Results: Acute toxicity revealed that, both the test drugs did not produce any signs and symptoms of toxicity and mortality up to oral dose of 2000 mg/kg in rats. Chronic administration of HRP for 90 days revealed that, the drug at TED X10 dosese has potential to produce liver and kidney toxicity however, can be relatively safe at therapeutic dose level. ARP has potential for liver, kidney and GI tract toxicity with deposition in other organs. The recovery study suggests that, after discontinuation of HRP the observed changes are reversible in nature while, in ARP some of the observed changes are irreversible in nature.
Conclusion: It is concluded that HRP was found to be safer than ARP at different dose levels suggesting safely use at therapeutic dose level.
Keywords: Ayurveda, Mercury, Parada, Rasa Parpati, Safety, Toxicity
Abstract No. AO-10
Abstract Title: Acute and subchronic toxicity study of Gomutra (Cow urine) Shodhita (processed) Bakuchi (Psoralea corylifolia Linn.) seeds powder
Author’s Name: Jigyasa Pathak1*, Mukesh B.Nariya2*, Rabinarayan Acharya3*
Author’s affiliation: *Ph.D Scholar, Dept. of Dravyaguna, **Head, Dept of Pharmacology, ***Professor & Head, Dept. of Dravyaguna, I.P.G.T. & R.A., Gujarat Ayurved University, Jamnagar, Gujarat, India.
Background: Bakuchi is frequently administered, for a long duration, in the treatment of Switra. Present study has been designed to ascertain the role of Shodhana on safety profile of Gomutra (cow urine) Shodhita (processed) Bakuchi seed powder, through acute oral toxicity and sub-chronic toxicity in rats.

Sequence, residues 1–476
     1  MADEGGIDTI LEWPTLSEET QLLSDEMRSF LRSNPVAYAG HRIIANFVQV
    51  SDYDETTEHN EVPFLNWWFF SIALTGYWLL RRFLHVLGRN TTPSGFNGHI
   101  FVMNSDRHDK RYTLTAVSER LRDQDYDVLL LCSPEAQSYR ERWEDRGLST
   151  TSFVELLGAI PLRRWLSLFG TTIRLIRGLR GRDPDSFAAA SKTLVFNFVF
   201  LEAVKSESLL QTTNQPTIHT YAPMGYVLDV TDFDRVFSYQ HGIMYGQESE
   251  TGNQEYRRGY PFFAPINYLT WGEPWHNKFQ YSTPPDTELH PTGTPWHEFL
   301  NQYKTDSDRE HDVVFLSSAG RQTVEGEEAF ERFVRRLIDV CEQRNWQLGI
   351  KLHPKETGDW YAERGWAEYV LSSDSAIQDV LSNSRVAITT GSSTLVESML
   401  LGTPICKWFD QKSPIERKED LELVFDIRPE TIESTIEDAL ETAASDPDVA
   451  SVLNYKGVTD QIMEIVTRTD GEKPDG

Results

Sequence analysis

Methods: Bakuchi, a known corrosive drug, was processed with Gomutra (cow urine) and administered to rats at dose of 2000 mg/kg, in powder form, in acute toxicity study. For subchronic toxicity study, it was administered for 60 consecutive days at the dose of 270 mg/kg (TED), 1350mg/kg (TED 5) and 2700mg/kg (TED 10). The effect of drug was assessed on ponderal changes, haematological, serum biochemical, and histopathology of various organs.
Results: In acute toxicity study, no signs of toxicity and mortality were observed during 14 days of observation. Sub chronic toxicity study, at therapeutic equivalent dose level (TED) and five times the therapeutic equivalent dose (TED 5) levels no significant sign and symptoms of toxicity were observed. Significant decrease in Hb was observed in TED and TED 10 group. Significant decrease in MCH and MCHC was observed in TED 5 and TED 10 groups. Degenerative changes were observed in the kidney, liver and stomach at therapeutic equivalent dose (TED) X 10 dose levels.